(Photo : REUTERS/Sergio Flores) Pedestrians walk through downtown after the South by Southwest (SXSW) music and tech festival was canceled over growing concerns related to the coronavirus outbreak in Austin, Texas, U.S. March 6, 2020.

Tech companies, such as Twitter, Google, Microsoft, and Facebook, made announcements this week for treating their respective contractors and hourly employees with some love and decency. As the coronavirus prompts tech giants to ask salaried personnel to work from home, tech contractors lacking the same benefits won't have to choose between health and bills.

If you're an hourly cook in a tech campus' kitchen and salaried personnel forestalls entering the workplace due to the virus, the official time for the disease because of the illness, your services aren't as needed. They won't translate to a pay cut.

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Twitter told Mashable it would give hourly workers, including those who can't perform their responsibilities from home, their regular pay while travel restrictions are in effect.

 "All employees, including hourly workers, will receive reimbursement toward their home office set up expenses, and we are working with our vendors to ensure our contractors' WFH needs are met as well," a Twitter spokesperson told Mashable.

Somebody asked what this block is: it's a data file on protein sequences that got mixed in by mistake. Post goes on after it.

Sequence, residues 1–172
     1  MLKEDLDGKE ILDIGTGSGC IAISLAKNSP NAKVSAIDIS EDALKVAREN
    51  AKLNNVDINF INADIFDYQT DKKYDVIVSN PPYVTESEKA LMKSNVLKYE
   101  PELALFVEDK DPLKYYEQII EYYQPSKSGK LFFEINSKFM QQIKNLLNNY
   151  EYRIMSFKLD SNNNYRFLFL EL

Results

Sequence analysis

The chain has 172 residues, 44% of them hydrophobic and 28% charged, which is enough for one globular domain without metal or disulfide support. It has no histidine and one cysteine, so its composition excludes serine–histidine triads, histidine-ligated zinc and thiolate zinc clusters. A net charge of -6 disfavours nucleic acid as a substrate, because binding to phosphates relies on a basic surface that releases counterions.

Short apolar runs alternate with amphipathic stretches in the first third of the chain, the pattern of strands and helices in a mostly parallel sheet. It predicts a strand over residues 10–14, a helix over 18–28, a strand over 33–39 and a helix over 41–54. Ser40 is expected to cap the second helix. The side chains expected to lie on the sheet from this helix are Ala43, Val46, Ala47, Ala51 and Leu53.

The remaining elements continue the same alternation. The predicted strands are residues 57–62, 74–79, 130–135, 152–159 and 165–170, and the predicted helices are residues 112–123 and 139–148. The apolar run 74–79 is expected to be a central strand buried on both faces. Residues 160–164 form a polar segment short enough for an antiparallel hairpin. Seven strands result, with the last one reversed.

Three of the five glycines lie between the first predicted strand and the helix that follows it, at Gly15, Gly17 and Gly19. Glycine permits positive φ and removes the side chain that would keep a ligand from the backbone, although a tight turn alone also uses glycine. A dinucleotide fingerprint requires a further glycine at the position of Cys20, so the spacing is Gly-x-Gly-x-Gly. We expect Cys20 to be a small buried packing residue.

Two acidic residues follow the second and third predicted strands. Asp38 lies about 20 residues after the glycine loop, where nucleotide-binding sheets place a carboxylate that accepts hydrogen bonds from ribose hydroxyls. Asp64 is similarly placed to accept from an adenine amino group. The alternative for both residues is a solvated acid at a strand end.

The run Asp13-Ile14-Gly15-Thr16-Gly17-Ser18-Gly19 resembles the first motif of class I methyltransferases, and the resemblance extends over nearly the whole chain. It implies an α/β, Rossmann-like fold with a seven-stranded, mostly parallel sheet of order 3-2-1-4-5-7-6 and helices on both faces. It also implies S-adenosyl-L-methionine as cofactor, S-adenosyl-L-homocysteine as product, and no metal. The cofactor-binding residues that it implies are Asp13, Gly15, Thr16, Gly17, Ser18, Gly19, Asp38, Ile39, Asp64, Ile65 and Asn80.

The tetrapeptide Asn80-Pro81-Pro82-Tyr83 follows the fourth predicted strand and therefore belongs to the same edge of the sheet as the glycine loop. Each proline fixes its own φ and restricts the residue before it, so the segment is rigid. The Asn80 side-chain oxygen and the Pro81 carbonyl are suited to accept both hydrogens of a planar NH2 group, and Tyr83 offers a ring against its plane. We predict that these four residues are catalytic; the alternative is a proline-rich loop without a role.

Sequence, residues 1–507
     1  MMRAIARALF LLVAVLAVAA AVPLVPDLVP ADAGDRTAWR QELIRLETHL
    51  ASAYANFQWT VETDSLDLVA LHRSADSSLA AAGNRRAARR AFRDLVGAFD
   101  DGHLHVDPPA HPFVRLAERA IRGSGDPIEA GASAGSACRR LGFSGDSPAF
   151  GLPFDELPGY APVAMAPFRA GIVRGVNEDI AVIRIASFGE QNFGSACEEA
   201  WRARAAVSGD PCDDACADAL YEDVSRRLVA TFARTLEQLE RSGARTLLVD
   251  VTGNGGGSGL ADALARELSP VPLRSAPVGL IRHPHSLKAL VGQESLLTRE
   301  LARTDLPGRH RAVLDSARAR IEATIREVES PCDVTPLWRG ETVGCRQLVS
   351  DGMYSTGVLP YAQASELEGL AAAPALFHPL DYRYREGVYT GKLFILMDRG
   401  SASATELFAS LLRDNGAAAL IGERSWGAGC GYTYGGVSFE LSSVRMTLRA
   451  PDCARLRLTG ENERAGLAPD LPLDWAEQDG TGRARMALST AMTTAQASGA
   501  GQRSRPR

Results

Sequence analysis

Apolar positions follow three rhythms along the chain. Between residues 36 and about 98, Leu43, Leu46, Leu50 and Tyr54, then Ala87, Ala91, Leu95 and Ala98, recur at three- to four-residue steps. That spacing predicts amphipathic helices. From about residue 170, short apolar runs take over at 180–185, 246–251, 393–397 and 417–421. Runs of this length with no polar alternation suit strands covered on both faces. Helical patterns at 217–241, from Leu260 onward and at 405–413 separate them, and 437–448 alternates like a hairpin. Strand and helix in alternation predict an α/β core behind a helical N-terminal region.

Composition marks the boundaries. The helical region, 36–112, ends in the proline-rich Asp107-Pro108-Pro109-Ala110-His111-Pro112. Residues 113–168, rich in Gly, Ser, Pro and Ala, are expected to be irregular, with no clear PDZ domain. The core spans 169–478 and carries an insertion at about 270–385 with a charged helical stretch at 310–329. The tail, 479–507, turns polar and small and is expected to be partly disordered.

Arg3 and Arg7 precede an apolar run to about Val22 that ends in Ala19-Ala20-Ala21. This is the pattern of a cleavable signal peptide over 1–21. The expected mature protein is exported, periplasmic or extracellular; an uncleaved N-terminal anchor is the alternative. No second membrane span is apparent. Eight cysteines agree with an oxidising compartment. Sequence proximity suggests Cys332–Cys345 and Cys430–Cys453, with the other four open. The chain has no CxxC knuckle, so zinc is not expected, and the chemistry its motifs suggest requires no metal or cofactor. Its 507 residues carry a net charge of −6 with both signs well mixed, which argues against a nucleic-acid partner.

Google, Facebook

Google, for its part, confirmed over email that office contractors will still receive a commission in locations that have work-from-home policies in place.

Facebook also followed through, according to TechCrunch. In an email, company spokesperson Chloe Meyere said the tech corporation is working closely with its vendors to prioritize its employees' health and safety.

 "Facebook will pay contingent workers that cannot work due to reduced [staff] during voluntary work from home, when we close an office, when we choose to send an employee home, or when they are sick," the email added.


Microsoft, in a Thursday evening blog post, said it recognizes the hardship that lost work can mean for hourly employees. The tech company, as a result, decided to continue to pay all our vendor hourly service providers their regular pay during this period of reduced service needs.


Mashable reached out to Apple to confirm if it had made a similar decision but received no immediate response. The Verge, meanwhile, reports that the tech giant will "supply hourly workers their normal pay."


Amazon told Axios it will also pay its almost 10,000 hourly employees on its Seattle-area office - including food service, security guards, and janitors - when regular employees are asked to work from home.

The e-Commerce company would also subsidize one month of rent for the local small businesses that operate in its own buildings to help support them during this period.

The company has also reached its work from home recommendations to San Francisco Bay Area employees.

Silicon Valley

A week ago, Silicon Valley called on the tech sector to include subcontractors and gig workers in Coronavirus response systems. In a Tweet, Silicon Valley lauded the tech giants for doing the right thing.

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Silicon Valley, the home to many start-ups and global technology companies in the world, urged the rest of the industry to follow suit to avoid public health crises in the tech sector.

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